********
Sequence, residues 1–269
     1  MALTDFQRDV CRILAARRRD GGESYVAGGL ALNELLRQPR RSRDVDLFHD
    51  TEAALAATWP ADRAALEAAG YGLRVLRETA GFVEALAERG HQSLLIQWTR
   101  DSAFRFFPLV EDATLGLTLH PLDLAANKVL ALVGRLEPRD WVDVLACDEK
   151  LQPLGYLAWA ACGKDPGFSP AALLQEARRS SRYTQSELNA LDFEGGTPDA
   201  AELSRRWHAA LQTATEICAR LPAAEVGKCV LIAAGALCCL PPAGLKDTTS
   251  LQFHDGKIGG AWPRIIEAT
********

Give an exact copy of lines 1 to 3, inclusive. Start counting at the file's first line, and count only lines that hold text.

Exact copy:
Sequence, residues 1–269
     1  MALTDFQRDV CRILAARRRD GGESYVAGGL ALNELLRQPR RSRDVDLFHD
    51  TEAALAATWP ADRAALEAAG YGLRVLRETA GFVEALAERG HQSLLIQWTR